For a group of visually impaired veterans visiting from the U.K., the past two weeks spent skiing Whistler Blackcomb has been an illuminating experience, one they’re not likely to forget.
“When I was medically discharged (from the military), I thought all this sort of stuff had gone out the door,” said Steve Sparkes, a former Royal Marine who lost part of his vision while serving in the Falklands. “You think it’s all over with, it’s finished, but (skiing) really opens your eyes … It just gives you the confidence to move on and do bigger and better things.”
Sparkes, or “Sparkey” as he’s affectionately known, was one of five skiers in town from Blind Veterans U.K., a charity that assists current and former British military personnel who’ve become visually impaired through service, accident, illness or old age.
Working with the Whistler Adaptive Sports Program (WASP), the British charity has been organizing the trip to Canada for over three years. They also received free airfare from British Airways; lift passes from Whistler Blackcomb and accommodation from Lodging Ovations.
Typically, BVUK sends a group of about 50 visually impaired skiers to the Italian slopes each year, but this time they decided to bring the top five skiers to Whistler, taking advantage of the resort’s world-class terrain and the expertise of WASP staff.
“The aims and goals for this trip were to take them outside their comfort zone and improve their skiing in a challenging environment that Whistler can allow us to do safely,” said BVUK’s lead guide and trip planner Neil Graham. “We can do more in Whistler than we can do in Europe … There’s more challenging runs, the customer service, the satisfaction.”
WASP employees have been on hand every step of the way to assist the group, which also includes ski guides and several other BVUK staff, taking them to new terrain and providing some instruction — not that the British skiers really needed it.
“There isn’t anywhere that I wouldn’t ski with them,” said WASP instructor Wylie Buchanan. “Every time I give them the option to go around or ski the hard stuff, inevitably, they all choose to ski the hard stuff.”
The skiers have tackled some of the toughest terrain Whistler Blackcomb has to offer, easily completing black diamond runs with the help of their BVUK guides, who typically lead the visually impaired veterans down the mountain with the help of a communication system they’ve recently installed in their helmets.
“We’ve got a communication system so we can talk them down, describing the lumps, the bumps, the contours, all the undulations … and tell them exactly where to turn,” said Graham. “Because we knew we were coming out here to do a bit more challenging skiing, it was important that the guide and the skier were in harmony.”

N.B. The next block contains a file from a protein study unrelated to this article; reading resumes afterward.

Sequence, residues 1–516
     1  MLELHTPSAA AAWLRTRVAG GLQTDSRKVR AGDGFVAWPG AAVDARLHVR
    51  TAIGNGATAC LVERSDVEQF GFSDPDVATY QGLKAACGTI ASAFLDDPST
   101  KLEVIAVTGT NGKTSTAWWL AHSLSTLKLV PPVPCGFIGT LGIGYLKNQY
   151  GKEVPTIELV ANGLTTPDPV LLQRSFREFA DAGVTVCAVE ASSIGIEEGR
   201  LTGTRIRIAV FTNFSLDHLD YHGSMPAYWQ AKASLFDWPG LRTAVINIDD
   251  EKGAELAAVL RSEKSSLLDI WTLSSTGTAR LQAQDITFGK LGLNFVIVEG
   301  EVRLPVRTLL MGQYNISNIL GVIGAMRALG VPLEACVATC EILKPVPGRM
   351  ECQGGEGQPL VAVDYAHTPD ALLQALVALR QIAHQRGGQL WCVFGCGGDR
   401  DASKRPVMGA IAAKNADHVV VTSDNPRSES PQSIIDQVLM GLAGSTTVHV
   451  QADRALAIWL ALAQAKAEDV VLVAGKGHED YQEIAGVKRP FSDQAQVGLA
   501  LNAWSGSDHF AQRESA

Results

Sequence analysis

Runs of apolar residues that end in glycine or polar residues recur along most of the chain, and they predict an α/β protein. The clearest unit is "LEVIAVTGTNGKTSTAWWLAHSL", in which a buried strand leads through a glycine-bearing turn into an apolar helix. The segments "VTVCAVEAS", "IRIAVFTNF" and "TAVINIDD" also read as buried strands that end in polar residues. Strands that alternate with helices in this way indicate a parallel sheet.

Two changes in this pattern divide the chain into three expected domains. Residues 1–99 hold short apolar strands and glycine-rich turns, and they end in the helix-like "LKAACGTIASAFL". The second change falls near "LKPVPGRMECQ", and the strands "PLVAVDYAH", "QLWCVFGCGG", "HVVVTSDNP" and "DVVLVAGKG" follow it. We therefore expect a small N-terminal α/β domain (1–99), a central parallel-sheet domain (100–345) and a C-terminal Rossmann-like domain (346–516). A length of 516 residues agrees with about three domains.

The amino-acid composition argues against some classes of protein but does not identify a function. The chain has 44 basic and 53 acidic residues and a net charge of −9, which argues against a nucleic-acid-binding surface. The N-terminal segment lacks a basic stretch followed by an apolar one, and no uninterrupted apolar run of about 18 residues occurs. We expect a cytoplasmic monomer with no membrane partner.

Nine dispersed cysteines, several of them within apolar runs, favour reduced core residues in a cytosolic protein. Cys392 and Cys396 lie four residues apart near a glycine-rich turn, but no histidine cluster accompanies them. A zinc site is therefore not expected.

All but one of the BVUK guides have skied in Whistler before, and most have developed a strong relationship with their ski partner over time, like Vicky Stewart, who began guiding veteran Mark Brewin 10 years ago. Before they met, Brewin had never skied a day in his life.
“We just got a really good relationship now, we trust each other,” said Stewart, who lives in Scotland and skis with Brewin a few times a year. “It makes me feel really good that I’ve helped someone else out, and that his skiing’s come on so much. It just makes me really humbled, because I think if it was me, God, would I even ski?”
Key to the guide and skier relationship is continually pushing the veterans’ boundaries, adding new challenges for them to overcome each year.
“There’s always been another barrier that we’ve crossed, another challenge we’ve took on,” said Sparkes. “The first couple of years it was just getting down the slopes from top to bottom, now we’re getting down in style with technique.”
An important aspect of the BVUK program for Sparkes and the rest of the skiers is bringing other younger visually impaired veterans into the fold and showing them the benefits of an active lifestyle.
“One of the things for us personally is building bridges for lads that come behind us, because there are lads that are not just blind but have got limbs missing as well, so this is a perfect place for them to come and try their skiing. It’s so equipped for the situation,” said Sparkes.
BVUK will sponsor the trip to Whistler every three years, but Graham would love it if it became an annual event. He also wants to collaborate with other veteran assistance programs, like Canada’s Soldier On initiative, to run multilateral ski camps and competitions in Whistler. Injured or ill veterans from Canada, Australia, the U.K. and U.S. will arrive in Whistler on Wednesday (Feb. 27) for an adaptive sports camp, although BVUK is not involved.
For Graham, one of the trip’s biggest rewards was the hospitality shown to them by locals and especially, Whistler’s adaptive sports program staff.
“We can’t sing their praises high enough,” he said. “The Canadians have been exceptional in their kindness and hospitality.”
Visit www.blindveterans.org.uk for more information about BVUK.